Round Island Lighthouse, which was built in 1859 near Pascagoula, Mississippi, and had been deemed “destroyed” by Hurricane Georges in late September, 1998, has been reborn on land. Its new Fresnel lens was lighted on the evening of November 13, 2015 at its new home, within sight of the Pascagoula River.
It was the first time a light had shown at the top of the 50-foot lighthouse since March 20, 1944, when the U.S. Coast Guard discontinued it as a lighted beacon. The new 4th order 360 degree Fresnel lens was manufactured and installed by Dan Spinella of Artworks Florida Classic Fresnel Lenses LLC, as described in the July/August issue of Lighthouse Digest.
As much original material from the toppled lighthouse as possible was reused in the reconstruction of the upper section of the lighthouse, including the lantern gallery, which was rebuilt locally. A large section of the red brick structure, salvaged from Round Island in 1998 by volunteers, is now used as a sign for the lighthouse park surrounding the lighthouse. Bricks deemed unusable in the rebuilding of the structure are being sold as souvenirs.
The volunteer group, which had organized the summer before Hurricane Georges struck, in an effort to save the threatened lighthouse, adopted the name, Round Island Lighthouse Preservation Society, on November 19, 1998. For the next seven years, the group worked diligently with the City of Pascagoula (which owns the lighthouse) on the recovery of every brick or other piece of historical fabric it could find in the Mississippi Sound near the fallen lighthouse. It was eventually up-righted and secured on the island, and even more local volunteers planted grasses and sea oats continuously to keep the sand surrounding the lighthouse from drifting.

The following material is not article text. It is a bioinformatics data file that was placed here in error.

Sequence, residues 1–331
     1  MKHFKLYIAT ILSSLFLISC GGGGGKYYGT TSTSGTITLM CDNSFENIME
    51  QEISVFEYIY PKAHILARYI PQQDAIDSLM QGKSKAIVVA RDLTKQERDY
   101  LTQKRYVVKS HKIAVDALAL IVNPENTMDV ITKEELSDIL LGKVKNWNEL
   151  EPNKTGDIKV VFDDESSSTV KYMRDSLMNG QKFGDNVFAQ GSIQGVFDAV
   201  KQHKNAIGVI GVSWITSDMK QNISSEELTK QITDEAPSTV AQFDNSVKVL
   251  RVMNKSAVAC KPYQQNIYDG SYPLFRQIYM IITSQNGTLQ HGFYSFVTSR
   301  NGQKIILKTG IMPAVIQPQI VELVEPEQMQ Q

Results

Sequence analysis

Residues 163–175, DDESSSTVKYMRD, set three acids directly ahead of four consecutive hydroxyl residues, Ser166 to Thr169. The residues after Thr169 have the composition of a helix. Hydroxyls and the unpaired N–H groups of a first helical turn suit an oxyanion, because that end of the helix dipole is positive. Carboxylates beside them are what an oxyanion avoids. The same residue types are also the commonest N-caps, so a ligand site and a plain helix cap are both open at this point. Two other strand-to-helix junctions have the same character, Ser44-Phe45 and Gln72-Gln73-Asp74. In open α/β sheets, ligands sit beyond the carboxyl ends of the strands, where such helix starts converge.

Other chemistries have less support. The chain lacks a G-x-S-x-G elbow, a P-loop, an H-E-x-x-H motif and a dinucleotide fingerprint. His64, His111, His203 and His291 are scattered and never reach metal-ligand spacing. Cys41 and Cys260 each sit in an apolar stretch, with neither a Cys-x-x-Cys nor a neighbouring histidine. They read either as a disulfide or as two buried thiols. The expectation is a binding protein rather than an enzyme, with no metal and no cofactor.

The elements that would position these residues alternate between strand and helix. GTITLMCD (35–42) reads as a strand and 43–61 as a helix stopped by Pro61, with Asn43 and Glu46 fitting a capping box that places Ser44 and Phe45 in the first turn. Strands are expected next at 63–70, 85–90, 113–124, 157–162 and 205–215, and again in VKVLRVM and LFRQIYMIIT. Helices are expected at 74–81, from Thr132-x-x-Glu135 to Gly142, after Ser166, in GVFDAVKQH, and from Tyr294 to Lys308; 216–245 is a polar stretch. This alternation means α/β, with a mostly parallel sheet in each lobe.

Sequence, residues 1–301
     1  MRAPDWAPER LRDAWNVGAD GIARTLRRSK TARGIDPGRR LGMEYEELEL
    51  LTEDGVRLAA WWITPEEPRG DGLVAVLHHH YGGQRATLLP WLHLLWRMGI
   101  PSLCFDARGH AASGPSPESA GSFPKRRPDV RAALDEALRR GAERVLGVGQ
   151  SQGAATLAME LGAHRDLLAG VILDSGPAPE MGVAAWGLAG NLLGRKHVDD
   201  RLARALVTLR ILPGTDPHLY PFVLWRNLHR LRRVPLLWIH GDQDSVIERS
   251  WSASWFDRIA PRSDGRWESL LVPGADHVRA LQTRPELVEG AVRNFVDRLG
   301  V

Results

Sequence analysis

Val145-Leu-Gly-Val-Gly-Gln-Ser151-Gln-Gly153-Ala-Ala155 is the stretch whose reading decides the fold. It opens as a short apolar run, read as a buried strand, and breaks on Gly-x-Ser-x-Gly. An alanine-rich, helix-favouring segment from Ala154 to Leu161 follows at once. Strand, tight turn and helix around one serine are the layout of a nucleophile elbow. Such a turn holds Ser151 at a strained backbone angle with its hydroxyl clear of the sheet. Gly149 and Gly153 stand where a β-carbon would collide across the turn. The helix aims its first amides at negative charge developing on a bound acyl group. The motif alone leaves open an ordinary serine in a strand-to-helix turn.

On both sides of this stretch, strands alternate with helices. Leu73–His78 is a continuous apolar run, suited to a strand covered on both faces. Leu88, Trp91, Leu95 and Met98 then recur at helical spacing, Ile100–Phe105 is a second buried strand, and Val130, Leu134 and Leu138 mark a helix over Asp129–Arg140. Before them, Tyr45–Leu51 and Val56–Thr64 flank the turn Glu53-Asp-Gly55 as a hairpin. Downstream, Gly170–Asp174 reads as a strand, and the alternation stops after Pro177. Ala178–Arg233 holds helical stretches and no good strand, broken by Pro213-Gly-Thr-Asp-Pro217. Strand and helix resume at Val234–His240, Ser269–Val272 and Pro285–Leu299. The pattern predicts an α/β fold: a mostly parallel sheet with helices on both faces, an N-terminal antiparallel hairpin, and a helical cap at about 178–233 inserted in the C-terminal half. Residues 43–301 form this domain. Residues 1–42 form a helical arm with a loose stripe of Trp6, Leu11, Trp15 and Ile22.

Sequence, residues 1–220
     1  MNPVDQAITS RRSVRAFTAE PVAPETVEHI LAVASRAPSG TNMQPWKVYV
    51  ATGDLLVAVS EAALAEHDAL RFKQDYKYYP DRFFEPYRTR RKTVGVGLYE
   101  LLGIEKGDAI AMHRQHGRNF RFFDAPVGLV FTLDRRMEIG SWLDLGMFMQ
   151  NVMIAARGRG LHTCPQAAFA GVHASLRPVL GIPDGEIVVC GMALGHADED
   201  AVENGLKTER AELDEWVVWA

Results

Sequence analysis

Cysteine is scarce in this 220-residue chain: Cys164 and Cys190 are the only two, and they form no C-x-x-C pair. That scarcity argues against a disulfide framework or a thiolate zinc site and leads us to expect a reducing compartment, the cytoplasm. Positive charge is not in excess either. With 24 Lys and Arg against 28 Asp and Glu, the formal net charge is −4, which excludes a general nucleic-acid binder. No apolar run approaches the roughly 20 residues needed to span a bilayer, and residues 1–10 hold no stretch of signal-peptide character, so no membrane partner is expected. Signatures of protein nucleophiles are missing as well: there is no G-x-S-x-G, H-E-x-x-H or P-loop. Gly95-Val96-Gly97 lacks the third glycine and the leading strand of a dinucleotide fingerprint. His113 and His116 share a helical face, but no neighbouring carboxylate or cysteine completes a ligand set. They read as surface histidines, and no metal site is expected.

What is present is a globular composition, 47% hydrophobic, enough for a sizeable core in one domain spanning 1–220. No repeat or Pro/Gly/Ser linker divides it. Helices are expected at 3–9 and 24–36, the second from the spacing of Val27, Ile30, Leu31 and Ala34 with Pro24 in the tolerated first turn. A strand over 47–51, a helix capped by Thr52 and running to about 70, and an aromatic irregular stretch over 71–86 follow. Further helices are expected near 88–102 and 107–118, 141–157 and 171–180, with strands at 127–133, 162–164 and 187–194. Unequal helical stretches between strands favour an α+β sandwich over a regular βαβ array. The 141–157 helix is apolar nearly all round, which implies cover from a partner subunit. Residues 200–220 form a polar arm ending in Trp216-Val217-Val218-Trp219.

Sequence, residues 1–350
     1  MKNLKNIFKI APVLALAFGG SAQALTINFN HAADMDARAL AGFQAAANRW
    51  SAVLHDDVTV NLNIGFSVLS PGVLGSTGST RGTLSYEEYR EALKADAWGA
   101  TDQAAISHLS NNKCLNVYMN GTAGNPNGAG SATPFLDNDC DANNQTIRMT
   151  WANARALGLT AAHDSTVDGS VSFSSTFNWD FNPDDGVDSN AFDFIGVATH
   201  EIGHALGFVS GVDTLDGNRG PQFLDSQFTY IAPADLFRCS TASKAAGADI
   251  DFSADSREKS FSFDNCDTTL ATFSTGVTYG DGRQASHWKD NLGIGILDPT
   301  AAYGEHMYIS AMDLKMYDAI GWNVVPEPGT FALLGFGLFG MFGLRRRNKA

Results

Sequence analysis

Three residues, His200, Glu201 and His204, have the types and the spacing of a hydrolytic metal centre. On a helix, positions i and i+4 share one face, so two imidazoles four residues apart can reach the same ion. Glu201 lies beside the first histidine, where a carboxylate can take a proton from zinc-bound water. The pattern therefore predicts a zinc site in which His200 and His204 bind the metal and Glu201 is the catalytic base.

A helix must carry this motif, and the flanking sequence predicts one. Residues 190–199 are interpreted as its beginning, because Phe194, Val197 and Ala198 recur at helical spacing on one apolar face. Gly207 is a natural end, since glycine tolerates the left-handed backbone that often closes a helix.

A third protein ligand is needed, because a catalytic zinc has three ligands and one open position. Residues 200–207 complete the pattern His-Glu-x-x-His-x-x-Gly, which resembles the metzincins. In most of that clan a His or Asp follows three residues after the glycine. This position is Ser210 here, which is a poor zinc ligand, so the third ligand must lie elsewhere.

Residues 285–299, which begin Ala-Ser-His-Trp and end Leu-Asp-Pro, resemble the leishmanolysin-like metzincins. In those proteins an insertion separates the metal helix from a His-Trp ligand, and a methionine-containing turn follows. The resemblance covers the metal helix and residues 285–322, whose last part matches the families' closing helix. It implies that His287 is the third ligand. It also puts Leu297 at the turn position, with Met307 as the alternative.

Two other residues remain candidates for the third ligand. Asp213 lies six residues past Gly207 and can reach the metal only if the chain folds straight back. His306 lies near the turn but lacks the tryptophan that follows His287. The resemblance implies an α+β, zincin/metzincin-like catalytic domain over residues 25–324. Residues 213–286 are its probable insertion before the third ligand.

Meanwhile, the group sold T-shirts, mugs, and engraved bricks to be placed around the lighthouse, once it could be rebuilt on the island. Local artists donated artwork to be sold for the rebuilding process. As of March of 2001, the Society had raised $23,000 through memberships, the sale of T-shirts, coffee mugs and other merchandise.
However, Hurricane Katrina, which hit on August 29, 2005, bringing tidal surges of up to 30 feet in some places, seriously damaged the lighthouse again. Katrina also destroyed or flooded almost all of the homes of the active members of the preservation society, as well as much of the Mississippi Gulf Coast. Now, instead, the group’s focus had to be on their own survival and the rebuilding of their homes.
City leaders soon decided to try to bring the lighthouse ashore to the mainland. Working loosely with Mississippi Archives and History and other state and federal agencies, and funded by grants and sponsorships, the city managed to do so in 2010. The structure was barged ashore and placed near U.S. Highway 90, a major state road that runs south of Interstate 10, mostly along the Mississippi Sound.
It took another five years to secure the base at its new home, rebuild the brick upper structure, construct a new lantern gallery, and lastly add a new Fresnel lens. The base of the lighthouse features a colorful compass rose and engraved bricks from donors, including those from 1998. More engraved bricks will be added as donations increase.
Following the relighting by local dignitaries on a cool fall evening, the 127-year old lighthouse was opened for tours. Many children and adults stood in line for over an hour that evening to tour the lighthouse, walking up the 42 wooden spiral steps to the top, and finally climbing up a metal ladder to go into the lantern gallery, where a spectacular view awaited.
The whitewashed brick structure now stands proudly, welcoming travelers into Pascagoula with its light. Future plans include a walkway to the riverfront. Tours may now be taken of the lighthouse on Fridays and Saturdays. Lighthouse passports are available from the tour guide.
For more info on the Round Island Light-house, visit www.RoundIslandLighthouse.org.
This story appeared in the
Jan/Feb 2016 edition of Lighthouse Digest Magazine. The print edition contains more stories than our internet edition, and each story generally contains more photographs - often many more - in the print edition. For subscription information about the print edition, click here.
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